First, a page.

I’m a new home inspector and recently inspected a home with a forced-air heating system. In my report, I recommended that the air ducts be cleaned as a standard maintenance procedure. After my clients bought the home, the duct cleaning company reported that the interior membrane in the main duct was damaged, exposing fiberglass insulation. The buyer believes I was negligent and invited me back for a second look. If you peer carefully through the grill, it is possible to see the pink insulation. But the interior surfaces of ducts are not within the scope of a home inspection. How would you handle this situation? –Wes
The interior surfaces of air ducts are arguably not within the scope of a home inspection. However, a home inspector should also consider whether a particular defect was visible and accessible at the time of the inspection. If it was, it is a wise business practice to take responsibility for the omission. In the long run, it is a good way to build a solid reputation for your business.
To avoid problems of this kind in the future, recommendations for standard maintenance procedures should be stated as things to be done prior to close of escrow. That way, problems found by a contractor or technician can still be negotiated between the buyers and sellers. If the person who services the equipment is called after the close, your recommendation to have done so sooner reduces your level of accountability and enables the parties in the transaction to resolve the problem in a mutually agreeable manner. This is particularly important with regard to gas-burning fixtures, where repair costs can be high and where safety violations can be life threatening.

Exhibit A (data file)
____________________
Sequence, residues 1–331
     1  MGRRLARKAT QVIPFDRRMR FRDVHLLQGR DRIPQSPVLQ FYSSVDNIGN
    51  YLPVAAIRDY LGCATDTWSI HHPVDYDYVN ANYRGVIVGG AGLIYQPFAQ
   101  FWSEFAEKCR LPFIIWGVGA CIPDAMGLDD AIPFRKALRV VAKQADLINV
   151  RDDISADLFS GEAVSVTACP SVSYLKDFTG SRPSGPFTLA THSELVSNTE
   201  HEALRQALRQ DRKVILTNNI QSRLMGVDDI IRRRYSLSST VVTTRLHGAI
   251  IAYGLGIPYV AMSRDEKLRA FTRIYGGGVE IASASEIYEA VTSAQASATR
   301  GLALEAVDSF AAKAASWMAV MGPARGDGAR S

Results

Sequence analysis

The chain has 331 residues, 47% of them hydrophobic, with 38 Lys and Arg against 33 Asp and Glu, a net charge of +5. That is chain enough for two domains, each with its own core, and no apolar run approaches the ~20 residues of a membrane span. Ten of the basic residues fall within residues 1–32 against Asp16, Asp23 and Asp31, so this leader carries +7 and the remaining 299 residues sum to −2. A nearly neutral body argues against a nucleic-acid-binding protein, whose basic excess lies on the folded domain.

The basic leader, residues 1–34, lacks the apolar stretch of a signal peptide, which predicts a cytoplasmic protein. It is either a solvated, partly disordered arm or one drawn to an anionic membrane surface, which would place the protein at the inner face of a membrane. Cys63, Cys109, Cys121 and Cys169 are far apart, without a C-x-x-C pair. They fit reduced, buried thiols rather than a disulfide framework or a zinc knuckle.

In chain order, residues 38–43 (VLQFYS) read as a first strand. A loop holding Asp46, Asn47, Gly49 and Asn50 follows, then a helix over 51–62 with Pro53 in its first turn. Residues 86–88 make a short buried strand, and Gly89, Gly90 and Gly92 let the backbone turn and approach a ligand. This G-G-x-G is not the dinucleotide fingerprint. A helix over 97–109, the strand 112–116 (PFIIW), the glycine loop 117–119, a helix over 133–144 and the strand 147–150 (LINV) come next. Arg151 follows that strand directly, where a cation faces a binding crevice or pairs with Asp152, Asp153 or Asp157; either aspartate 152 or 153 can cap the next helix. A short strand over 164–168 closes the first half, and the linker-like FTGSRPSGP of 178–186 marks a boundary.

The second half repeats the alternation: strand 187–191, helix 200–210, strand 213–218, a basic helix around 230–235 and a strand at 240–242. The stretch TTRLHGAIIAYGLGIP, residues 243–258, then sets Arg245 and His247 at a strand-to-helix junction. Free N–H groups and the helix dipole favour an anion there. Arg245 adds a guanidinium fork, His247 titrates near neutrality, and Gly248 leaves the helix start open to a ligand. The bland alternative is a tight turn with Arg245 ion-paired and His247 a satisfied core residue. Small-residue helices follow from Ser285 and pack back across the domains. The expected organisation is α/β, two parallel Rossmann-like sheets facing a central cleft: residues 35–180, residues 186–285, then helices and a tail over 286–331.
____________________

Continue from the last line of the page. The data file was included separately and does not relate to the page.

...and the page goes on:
Gas company technicians often discover defects not reported by home inspectors. Therefore, it is wise to recommend a safety evaluation of all gas fixtures prior to close. This protects you and the buyers from defect discovery after the sale of the property.
Service businesses of the kind you have entered are never easy. Just remember who you’re working for, and give them your best.
We purchased our home a few months ago, and no problems were disclosed regarding the heating and air conditioning, either by the sellers or our home inspector. When we moved in, the system was inoperative, so we called a heating contractor. The contractor said he had serviced the system for the sellers several months ago and informed them that major repairs were needed. Unfortunately, our home inspector failed to detect the problem. Who is responsible for these repairs? –Angela
It is unfortunate that the home inspector did not discover this defect. Unless the system was fully operational at the time of the inspection, he was probably negligent in his evaluation. The sellers, however, were worse than negligent. They were in violation of laws that require full disclosure of all known defects. They should be contacted immediately by certified mail. If they are not willing to pay for repairs, you can take them to small claims court. If the contractor will state in writing that he informed the sellers of the existing problems, your position should appear favorable to a judge.
To write to Barry Stone, please visit him on the Web at www.housedetective.com.
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